As I mentioned in my last post, “Applying to College as an Introvert: Extracurricular Activities,” introverted students sometimes feel that they are disadvantaged in the college application process, especially where extracurricular activities are concerned.
In this post, I would like to discuss how to approach admissions office interviews.
A Heads-Up About Interviews in General
Before worrying too much about whether or not you will be comfortable during a college admission interview, please understand that most colleges do not require or even offer interviews. So there is a good chance that the colleges you’re planning to apply to will fall into this category.
That said, if a college does offer an optional interview, I typically recommend that students take advantage of this opportunity, especially if applying to a college relatively close to home.
More and more colleges pay attention to demonstrated interest. Therefore, it makes sense that, if the college offers interviews and they know that the student’s home is within a reasonable distance, avoiding the interview might be judged as having a lack of interest in the college.
To be clear, though, this alone does not determine whether a student is admitted. However, it is something worth considering.
5 Pieces of Advice for Introverts About College Admission Interviews
If an introverted student has determined that they are going to interview with the college, here are a few recommendations:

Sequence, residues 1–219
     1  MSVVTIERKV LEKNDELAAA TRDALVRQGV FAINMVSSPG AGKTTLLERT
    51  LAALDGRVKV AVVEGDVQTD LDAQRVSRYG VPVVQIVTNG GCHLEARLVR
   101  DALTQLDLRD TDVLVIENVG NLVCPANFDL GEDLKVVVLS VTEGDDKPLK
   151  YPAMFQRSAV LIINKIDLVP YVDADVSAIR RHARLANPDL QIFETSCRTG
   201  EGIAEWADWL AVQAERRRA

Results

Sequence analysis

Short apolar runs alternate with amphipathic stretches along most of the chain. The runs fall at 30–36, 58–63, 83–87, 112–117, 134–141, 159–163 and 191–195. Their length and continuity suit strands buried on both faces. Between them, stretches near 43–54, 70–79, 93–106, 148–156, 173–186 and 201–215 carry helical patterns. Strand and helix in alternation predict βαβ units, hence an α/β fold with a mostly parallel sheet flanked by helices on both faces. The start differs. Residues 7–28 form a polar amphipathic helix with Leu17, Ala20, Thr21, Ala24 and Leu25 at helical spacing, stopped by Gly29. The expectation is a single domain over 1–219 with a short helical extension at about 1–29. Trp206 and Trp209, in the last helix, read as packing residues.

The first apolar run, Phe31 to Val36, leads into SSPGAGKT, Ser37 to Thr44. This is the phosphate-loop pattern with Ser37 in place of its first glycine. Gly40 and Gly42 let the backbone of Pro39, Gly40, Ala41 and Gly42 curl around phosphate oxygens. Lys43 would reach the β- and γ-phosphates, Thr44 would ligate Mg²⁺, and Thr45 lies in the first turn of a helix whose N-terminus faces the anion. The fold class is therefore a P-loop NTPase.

1. Read my previous blog post about admission interviews.
2. Remember that you do not need to lead the interview.
It’s okay for you to sit quietly and wait for your interviewer to ask you questions. Don’t worry if there are pauses between your answers or between questions. A calm and quiet conversation is not the sign of a bad interview.
3. Take your time answering questions.
You needn’t provide a quick answer to every single question. Admissions officers appreciate thoughtful responses!
4. Prepare to talk about yourself during the interview.
This may be one of the more difficult parts of an interview for a student who feels introverted or shy. But the college admissions staff wants to discover information about you that is not available in any other part of the application. They have your grades, test scores, and extracurriculars, but they don’t know how you think, what you think about, and how you might conduct yourself if you are a student at their college. If sharing this type of information feels difficult to you, it is important that you spend some time preparing in advance to answer a few critical questions which might help you during the interview.
5. Be ready to answer the most important question: “Why?”
Why what? Why everything. If your interviewer is asking why you’re interested in a particular college, you need to be able to answer. If your interviewer asks you why you mentioned a certain major in your application, you need to be able to explain. And if you’ve referred to an extracurricular activity that’s important to you, you need to be able to say why this is exciting and satisfying to you.
If you still have questions or concerns about the college admission process, please feel free to contact me or click on the link. As an Independent Educational Consultant, I have had years of experience with helping students and their parents navigate the complexities of the application process with success. It would be my pleasure to assist you as well.